The left-wing ruling party, its allies and the opposition PRI party promoted the controversial amendment, which must now be voted on by the Senate.

The Mexican Chamber of Deputies approved a reform that extends until 2028 the participation of the Army and the Navy in citizen security operations, amid complaints about a growing militarization of the country.

The term ends in 2024, but the leftist ruling party, its allies and the opposition PRI promoted the amendment that must now be voted on by the Senate. The reform was approved with 335 votes in favor, 152 against and one abstention.

During the discussion, Pablo Sandoval, from the ruling Morena party, defended the reform and argued that it is necessary for the armed forces to “act in a complementary manner” in public security tasks.

This “is an essential tool for an effective fight against organized crime,” he argued.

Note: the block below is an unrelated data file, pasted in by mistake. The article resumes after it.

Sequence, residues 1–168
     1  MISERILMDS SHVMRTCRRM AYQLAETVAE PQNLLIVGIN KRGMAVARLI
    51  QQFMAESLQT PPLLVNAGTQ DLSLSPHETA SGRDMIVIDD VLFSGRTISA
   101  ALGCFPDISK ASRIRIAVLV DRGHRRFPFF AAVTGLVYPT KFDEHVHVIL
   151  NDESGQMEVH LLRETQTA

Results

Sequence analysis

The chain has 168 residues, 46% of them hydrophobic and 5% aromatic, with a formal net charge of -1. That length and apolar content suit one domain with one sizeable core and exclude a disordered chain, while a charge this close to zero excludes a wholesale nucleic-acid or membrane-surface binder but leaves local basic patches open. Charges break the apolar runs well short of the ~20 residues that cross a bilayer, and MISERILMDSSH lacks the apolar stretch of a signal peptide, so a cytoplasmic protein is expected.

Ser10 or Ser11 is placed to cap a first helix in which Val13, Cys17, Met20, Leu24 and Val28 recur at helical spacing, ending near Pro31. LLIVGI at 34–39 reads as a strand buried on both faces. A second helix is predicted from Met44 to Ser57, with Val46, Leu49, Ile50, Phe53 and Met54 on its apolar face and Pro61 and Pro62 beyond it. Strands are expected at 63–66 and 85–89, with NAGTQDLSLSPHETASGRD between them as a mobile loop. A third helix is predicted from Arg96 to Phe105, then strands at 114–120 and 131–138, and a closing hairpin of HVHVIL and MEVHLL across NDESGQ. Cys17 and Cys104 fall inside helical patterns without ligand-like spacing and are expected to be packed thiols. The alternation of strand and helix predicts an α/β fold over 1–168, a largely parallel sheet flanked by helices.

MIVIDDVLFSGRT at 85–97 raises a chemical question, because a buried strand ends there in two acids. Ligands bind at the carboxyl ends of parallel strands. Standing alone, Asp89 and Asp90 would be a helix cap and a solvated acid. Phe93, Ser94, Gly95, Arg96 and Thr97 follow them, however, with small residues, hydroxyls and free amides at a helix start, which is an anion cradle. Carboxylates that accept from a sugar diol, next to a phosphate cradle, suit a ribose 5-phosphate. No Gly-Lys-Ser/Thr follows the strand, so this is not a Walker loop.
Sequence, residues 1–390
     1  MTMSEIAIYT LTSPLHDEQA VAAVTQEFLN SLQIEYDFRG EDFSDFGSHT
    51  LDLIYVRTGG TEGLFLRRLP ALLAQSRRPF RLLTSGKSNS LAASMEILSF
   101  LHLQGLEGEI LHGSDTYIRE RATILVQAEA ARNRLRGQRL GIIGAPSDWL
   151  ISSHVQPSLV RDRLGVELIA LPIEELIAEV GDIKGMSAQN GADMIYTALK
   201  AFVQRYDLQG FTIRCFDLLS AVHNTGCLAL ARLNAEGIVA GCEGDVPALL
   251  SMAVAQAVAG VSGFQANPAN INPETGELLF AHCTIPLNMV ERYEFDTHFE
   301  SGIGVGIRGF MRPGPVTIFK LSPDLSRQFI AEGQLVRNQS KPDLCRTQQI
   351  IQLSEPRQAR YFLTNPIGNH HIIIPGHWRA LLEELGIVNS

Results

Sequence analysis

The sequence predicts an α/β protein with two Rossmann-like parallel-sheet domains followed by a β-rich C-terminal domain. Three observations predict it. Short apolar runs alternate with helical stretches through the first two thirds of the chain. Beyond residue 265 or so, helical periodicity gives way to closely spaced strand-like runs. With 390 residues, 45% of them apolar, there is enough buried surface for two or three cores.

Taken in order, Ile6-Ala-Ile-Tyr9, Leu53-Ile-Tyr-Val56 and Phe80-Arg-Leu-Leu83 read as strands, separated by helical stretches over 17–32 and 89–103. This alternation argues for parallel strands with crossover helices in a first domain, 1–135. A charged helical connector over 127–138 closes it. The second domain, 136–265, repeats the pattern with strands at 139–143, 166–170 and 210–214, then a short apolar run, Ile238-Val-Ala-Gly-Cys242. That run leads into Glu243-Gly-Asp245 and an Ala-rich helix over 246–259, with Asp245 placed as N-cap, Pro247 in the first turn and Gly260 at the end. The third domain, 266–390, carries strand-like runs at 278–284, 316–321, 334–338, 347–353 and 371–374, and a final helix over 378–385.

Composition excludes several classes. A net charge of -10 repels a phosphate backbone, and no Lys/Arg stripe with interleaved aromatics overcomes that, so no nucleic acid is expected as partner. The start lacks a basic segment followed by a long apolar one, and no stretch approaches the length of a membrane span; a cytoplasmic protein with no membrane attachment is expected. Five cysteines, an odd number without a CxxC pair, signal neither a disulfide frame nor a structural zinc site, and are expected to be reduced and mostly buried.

For her part, María del Refugio Camarena, of the Institutional Revolutionary Party (PRI), assured that the regional police forces are “overwhelmed” by organized crime.

One of the pronouncements against was made by Deputy Ignacio Loyola, from the National Action Party (PAN, conservative). “The army is not prepared to carry out prevention and public security functions,” he said.

On September 9, Morena and his allies approved a reform that transfers control of the National Guard, currently under civilian command, to the Ministry of Defense.

The amendment was proposed by President Andrés López Obrador as part of his strategy to combat organized crime and the wave of violence that has hit the country for more than 15 years.

However, human rights defenders have criticized this initiative, which, according to them, would provoke more violence.

The National Guard, created in 2019, is made up of 115,000 military training elements. When it was formed, a clause was established that indicated that “during the following five years, the President of the Republic will be able to dispose of the Armed Forces in public security tasks in an extraordinary manner.”

Mexico is involved in a spiral of violence linked to organized crime that has left some 340,000 dead since 2006, when a controversial military anti-drug operation was launched.

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